Sri Lanka is prized for its wildlife, cramming 14 thriving National Parks into a little less territory than Ireland. Take the superb coastal waters into account and you have the consummate nature-lovers’ paradise, with diving that rivals the Maldives.
Only 14 metres deep, off Sri Lanka’s east coast at Vakarai, this pristine reef is calm and wonderfully scenic, with a thriving and colourful population of fish and anemones. Best from May through October, the east coast remains largely uncrowded and unexplored, with undamaged reefs in calm seas offering ideal diving for budding enthusiasts. Spot bright Bengali Snappers, ungainly Rock Cod and sleek silver-skinned Trevally amongst numerous coral species and anemones. The luxurious Uga Bay resort is very close.
Built in 1922 as a steam-powered oil tanker for the British Royal Navy, the British Sergeant was missing for years after a catastrophic Japanese bombing raid sank five Allied ships near Sri Lanka in April 1942. Divers recently identified her lying, at 24 metres deep, off the island’s east coast near Kayankerni. At 122 metres long she’s only half the size the smallest modern tankers, but is nonetheless a huge wreck and an impressive sight, broken in two and circled by shoals of Blue Striped Snapper. Part of the hull has collapsed to create a large cavern through which you can drift and examine the thrilling interior.
Diving off Sri Lanka’s west coast is best between November and May, and Colombo in particular is so blessed with fantastic diving that it was tempting just to include “Colombo” as one of these recommendations. But that would be cheating, so from a smorgasbord of superb wrecks and reefs we’ve chosen this perfect little barge, an unidentified but truly stunning wreck dive. Two hours out of Colombo and 30 metres deep, this is definitely for divers with open water training, but it completely justifies any prior investment. The upright barge sits peacefully on the white sandy seabed in quiet clear waters, covered in colourful organisms. Expect Stingray, Napoleon Fish, Red Lions and vast shoals of glassfish amongst the abundant life here.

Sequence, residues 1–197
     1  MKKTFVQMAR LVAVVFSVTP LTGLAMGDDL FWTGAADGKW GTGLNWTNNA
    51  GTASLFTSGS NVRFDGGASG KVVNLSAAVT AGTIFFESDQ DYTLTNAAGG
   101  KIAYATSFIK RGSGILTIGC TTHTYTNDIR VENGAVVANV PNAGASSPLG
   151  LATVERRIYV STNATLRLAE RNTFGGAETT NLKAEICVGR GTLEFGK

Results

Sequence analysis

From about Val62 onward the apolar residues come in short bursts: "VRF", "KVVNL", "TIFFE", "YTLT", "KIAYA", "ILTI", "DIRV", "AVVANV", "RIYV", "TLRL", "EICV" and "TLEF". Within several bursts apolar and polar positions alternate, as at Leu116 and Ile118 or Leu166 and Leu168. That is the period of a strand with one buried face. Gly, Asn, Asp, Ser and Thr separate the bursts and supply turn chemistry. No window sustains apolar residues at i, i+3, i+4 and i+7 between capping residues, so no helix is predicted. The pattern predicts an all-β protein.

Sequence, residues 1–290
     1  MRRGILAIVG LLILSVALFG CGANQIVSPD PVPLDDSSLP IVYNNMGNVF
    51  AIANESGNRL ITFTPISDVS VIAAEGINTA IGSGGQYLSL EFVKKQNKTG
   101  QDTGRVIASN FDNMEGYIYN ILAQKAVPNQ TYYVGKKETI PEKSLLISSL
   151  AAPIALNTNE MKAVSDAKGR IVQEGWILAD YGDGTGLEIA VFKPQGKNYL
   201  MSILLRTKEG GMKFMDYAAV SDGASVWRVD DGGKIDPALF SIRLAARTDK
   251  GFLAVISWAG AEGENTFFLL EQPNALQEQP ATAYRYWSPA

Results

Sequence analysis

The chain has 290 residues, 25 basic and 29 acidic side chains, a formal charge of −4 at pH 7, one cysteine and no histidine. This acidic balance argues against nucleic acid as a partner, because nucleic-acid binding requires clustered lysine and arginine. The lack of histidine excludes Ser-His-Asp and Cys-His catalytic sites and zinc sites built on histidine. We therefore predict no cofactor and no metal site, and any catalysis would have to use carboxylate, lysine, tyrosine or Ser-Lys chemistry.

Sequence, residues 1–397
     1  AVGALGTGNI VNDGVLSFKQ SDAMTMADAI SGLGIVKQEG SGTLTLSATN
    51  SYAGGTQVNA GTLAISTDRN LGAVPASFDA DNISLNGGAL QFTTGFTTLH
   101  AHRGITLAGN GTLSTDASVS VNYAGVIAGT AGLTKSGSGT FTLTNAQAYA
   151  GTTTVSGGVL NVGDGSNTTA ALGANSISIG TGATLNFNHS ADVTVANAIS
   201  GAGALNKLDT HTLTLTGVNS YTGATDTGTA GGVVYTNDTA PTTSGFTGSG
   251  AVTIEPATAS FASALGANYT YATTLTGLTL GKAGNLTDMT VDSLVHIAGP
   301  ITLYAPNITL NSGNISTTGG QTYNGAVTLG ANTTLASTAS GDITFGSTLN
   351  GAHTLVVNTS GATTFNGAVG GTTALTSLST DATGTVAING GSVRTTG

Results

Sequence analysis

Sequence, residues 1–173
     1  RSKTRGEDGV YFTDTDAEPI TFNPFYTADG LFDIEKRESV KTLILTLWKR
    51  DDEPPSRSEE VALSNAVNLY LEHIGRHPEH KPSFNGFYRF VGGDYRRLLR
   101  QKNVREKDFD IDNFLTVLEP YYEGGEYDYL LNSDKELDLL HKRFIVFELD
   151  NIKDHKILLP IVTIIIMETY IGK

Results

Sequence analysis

Also off Colombo, just 20 minutes boat trip to the South Gale Reef, this thriving colony of Gorgonian sea fans makes for a beautiful and unique dive, but at 35 metres with strong currents it should only be attempted by experienced, confident divers. The fans grow in an area of flat seabed, and make for quite a mystical experience, looking down over the underwater forest of wafting fans that range from tiny to several feet high, with hundreds of Triggerfish busy amongst them.
Basses Reef, 10 kilometres off the south-east coast of Sri Lanka, is the island’s final frontier against the vastness of Indian Ocean and currents which swirl unchallenged between the Antarctic and South East Asia.
Let’s take a moment to admire them in action in this satellite animation, courtesy of NASA...
And now imagine yourself slipping beneath the ocean to experience some of Sri Lanka’s finest diving, with wrecks, caves, overhangs - all manner of terrain to explore, populated with hundreds of species. It’s only a shallow reef, but the currents are very strong, so this is not one for beginners. Dive between mid-March and mid-April only - between the monsoons - and expect magnificent Giant Trevally, Pompanos, shoals of Spadefish, Goatfish, swooping Eagle Rays, and the White Tip Shark has been known to make an appearance.
Back on the east coast, 60 minutes out of Batticaloa, the splendid HMS Hermes lies submerged, with guns still visible, at just over 50 metres. Built in 1912 as the world’s first aircraft carrier, the steam-powered ship went down during the same air-raid that sank the Sergeant, and is now a haven for Black Coral, Giant Trevally, Mangrove Jacks, Dog Tooth Tuna, Chevron Barracuda, jellyfish, Marble Ray, whales in the distance - the list goes on. The Hermes is a technical dive that requires lengthy decompression stops, not to mention navigating the huge wreck with its unexploded ordnance, but she’s is an unmissable opportunity for any experienced diver.
If you're thinking of a diving holiday to Sri Lanka, get in touch, or give one of our Sri Lanka Destination Specialists a call on +44 (0) 1273 670 001.